Saturday, February 9, 2013

The Selection of Motor Design and Enclosure

The Selection of Motor Design and Enclosure

The selection of a motor design (d.c., induction, synchronous) is a relatively simple task in the case of a continuous, unvarying load. This application does not call for speed control, so the best choice is a synchronous motor. The point is that a synchronous motor is started in the same man­ner as an induction motor, while it is smaller in size and more economical in operation than an induction motor of the same power rating (it has a higher power factor and a higher maximum torque).

In applications involving speed control, frequent star­ting and stopping, a varying load, and so on, however, the decision as to which mo­tor design should be preferred must be taken by considering the operation of the drive and the speed-torque characteristics of various motors. Speed-torque characteristics may be classed into natural and controlled. A natural speed-torque characteristic is that which is obtained when a motor is started under its rated con­ditions, is connected in the circuit in the normal way, and there are no additional elements in the motor circuits. A controlled speed­ torque characteristic is that which is obtained when the motor circuits include some additional elements and the circuits are connected in some special manner. The natural speed-torque charac­teristics of several motors are compared in Fig 8.

The Selection of Motor Design and Enclosure

An important consideration with regard to the speed-torque characteristics of motors is their flatness

a = ΔT/Δn

The flatness of a speed-torque characteristic may vary from region to region of operation.

In terms of flatness, it is customary to class the speed-torque characteristics of motors (Fig. 16.8) into absolutely flat (1) for which Δn = 0 and a = ∞ (such as in the case of synchronous motors); flat for which a = 10-40 (the linear portion of the speed-torque characteristic of an induction motor (2), the speed-torque characte­ristic of a shunt-wound motor (3)); and drooping for which a ≤ 10 (such as the speed-torque characteristic of a series-wound motor (4), the controlled speed-torque characteristic of a wound-rotor induc­tion motor (5), and the controlled characteristic of a shunt-wound d.c. motor).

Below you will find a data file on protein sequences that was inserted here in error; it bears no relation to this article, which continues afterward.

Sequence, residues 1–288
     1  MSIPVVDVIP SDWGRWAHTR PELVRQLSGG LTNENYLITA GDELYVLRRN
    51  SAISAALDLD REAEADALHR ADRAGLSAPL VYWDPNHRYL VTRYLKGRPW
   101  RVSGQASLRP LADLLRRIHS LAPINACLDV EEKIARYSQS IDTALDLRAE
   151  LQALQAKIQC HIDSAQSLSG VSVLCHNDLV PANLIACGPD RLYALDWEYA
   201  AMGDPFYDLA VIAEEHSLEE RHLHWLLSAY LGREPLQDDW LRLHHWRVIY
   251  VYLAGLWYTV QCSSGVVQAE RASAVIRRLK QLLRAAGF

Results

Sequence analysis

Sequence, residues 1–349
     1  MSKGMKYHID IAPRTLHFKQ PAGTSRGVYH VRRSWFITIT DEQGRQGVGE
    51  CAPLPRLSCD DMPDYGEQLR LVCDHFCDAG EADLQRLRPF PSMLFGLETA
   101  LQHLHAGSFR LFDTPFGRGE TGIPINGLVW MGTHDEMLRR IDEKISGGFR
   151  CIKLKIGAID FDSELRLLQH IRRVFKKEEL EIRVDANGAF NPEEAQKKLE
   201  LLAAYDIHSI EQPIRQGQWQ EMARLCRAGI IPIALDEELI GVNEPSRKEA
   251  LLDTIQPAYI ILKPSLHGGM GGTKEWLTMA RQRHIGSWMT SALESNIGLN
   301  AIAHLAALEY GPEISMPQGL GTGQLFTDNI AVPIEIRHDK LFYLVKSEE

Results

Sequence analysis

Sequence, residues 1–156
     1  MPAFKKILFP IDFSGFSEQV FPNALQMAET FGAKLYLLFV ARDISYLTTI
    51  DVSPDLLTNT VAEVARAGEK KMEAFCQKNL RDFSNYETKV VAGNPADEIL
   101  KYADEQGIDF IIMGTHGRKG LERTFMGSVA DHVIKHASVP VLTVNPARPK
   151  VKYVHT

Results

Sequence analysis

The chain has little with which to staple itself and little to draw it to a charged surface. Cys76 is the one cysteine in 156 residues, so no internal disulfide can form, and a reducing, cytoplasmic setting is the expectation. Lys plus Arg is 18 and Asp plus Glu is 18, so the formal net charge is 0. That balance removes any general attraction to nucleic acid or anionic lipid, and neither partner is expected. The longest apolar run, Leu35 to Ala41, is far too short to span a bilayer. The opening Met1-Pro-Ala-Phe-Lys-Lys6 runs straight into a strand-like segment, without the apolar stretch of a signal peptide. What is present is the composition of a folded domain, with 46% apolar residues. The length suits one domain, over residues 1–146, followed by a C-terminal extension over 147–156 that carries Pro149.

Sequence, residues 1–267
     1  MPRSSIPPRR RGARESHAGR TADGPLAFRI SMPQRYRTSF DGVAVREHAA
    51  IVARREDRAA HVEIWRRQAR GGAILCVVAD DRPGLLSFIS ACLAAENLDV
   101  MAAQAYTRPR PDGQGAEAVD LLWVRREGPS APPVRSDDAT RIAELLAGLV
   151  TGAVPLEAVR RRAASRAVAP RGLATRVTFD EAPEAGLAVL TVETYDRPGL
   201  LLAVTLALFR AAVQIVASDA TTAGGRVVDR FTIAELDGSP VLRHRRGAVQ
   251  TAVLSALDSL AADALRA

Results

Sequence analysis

In some cases the degree of flatness of the speed-torque characte­ristic is a controlling consideration in the selection of a motor. For example, the motors used to drive hoisting and conveying machinery should preferably have a drooping' speed-torque characteristic, while the drive motors for cold-rolling steel mills should have a very flat characteristic.

In applications involving frequent starting and a varying load, preference is given to squirrel-cage induction motors as they are most reliable, simple to service, and are relatively inexpensive. Wound-rotor induction motors are more expensive, involve more servicing, are large in size, and have a lower power factor (because of the greater air gap). The advantages of wound-rotor induction motors in terms of starting torque are insignificant when compared with a double-cage motor. This is the reason why wound-rotor in­duction motors are used only in cases of special requirements for starting torque or starting current. (These requirements usually arise because the transformer substation can supply a limited power or because it also serves some special loads.) All in all, for loads in ratings not over 100 kW, with no speed control, the best choice is a squirrel-cage motor. For higher ratings, if a cage motor is ruled out, preference is given to wound-rotor motors.